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News, Santa Monica, Homelessness

Upward Bound House Receives $1 Million To Support Homeless Families

Posted Dec. 1, 2012, 1:04 am

Mitch James / Mirror Contributor

Upward Bound House, Santa Monica's leading provider of housing and services for homeless families with children, has been was awarded $1,042,640 by the First Five LA Commission in support of homeless families.

The funds will be used to provide short-term rental assistance and subsidies to homeless families with children under the age of five.

One of the largest challenges in ending family homelessness in Los Angeles is the lack of affordable housing in the County.

“These funds from First Five LA will be transformative to the families we serve,” said David Snow, Executive Director of Upward Bound House. “The families we serve have fallen on hard times and need just a little bit of help to get back on their feet. This grant will allow us to provide that extra assistance and ensure they don’t relapse back into homelessness.”

Short-term rental assistance is a proven model for helping homeless families with relatively low barriers to housing achieve permanent stability and self-sufficiency.

UBH piloted a demonstration project two years ago funded by Supervisor Zev Yaroslavsky which helped 14 families.

Supervisor Yaroslavsky is the current chairman of the First 5 LA Commission and was the leading advocate of this initiative.

“One homeless child in the street is too many,” said Supervisor Yaroslavsky. “We are pleased to make these funds available to best-practice service providers such as Upward Bound House.”

Family Homelessness is often described as “the hidden homeless.”

Yet while homeless families are rarely seen on the streets, there are more 6,000 homeless children throughout Los Angeles County. This number is swelling – in the past two years the number of unsheltered homeless children has doubled.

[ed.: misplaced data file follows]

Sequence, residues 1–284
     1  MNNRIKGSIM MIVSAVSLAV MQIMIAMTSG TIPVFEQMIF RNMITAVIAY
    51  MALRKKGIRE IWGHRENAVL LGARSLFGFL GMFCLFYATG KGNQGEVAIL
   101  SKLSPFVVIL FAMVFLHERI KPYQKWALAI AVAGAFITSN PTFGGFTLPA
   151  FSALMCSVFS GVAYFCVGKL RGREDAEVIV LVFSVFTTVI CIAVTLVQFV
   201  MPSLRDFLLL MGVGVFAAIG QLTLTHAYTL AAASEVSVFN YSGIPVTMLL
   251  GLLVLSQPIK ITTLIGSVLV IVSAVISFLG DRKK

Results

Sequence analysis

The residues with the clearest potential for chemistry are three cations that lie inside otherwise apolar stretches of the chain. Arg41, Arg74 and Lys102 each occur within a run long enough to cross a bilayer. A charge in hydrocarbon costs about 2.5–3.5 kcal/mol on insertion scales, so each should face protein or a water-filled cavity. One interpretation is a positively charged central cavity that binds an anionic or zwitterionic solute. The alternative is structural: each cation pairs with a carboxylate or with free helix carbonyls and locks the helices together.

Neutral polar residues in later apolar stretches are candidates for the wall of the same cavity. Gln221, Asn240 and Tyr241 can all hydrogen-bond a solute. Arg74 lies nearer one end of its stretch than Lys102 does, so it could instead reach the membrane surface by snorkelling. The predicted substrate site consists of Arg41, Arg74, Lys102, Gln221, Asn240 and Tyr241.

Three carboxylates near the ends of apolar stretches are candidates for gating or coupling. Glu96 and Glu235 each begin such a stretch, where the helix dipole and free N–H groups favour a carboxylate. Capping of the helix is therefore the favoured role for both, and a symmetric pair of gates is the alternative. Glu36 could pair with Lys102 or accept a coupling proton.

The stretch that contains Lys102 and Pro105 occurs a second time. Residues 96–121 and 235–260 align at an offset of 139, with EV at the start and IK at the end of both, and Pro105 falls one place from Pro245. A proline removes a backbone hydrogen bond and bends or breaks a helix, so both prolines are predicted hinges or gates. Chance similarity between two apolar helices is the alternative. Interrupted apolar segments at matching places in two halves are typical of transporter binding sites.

UBH has brought visibility and proven solutions to the crisis of family homelessness.

Since opening their doors in 1997, more than 600 families have graduated from UBH, including over 1,100 children.

UBH programs are heavily structured and allow families to quickly stabilize, receive the support and tools necessary to retain their housing and to place families into appropriate, affordable, permanent housing.

An astonishing 95 percent of families remain housed at least one year after graduating from UBH.

For more information about Upward Bound House, visit

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Dec. 1, 2012, 3:04:26 am

Jon Mann said...

Most of that million dollars will go to administration. The Mirror should investigate and itemize exactly how much goes to the director's pension, salary, leased car, electronic devices, etc. and report what readers and taxpayers need to know. They should also report the names and titles of the poverty pimps who are cronies of city council members. The L.A. Times is doing just that by reporting about the graft going on in the industrial cities and the nepotism scandal involving Richard Alarcon's daughter

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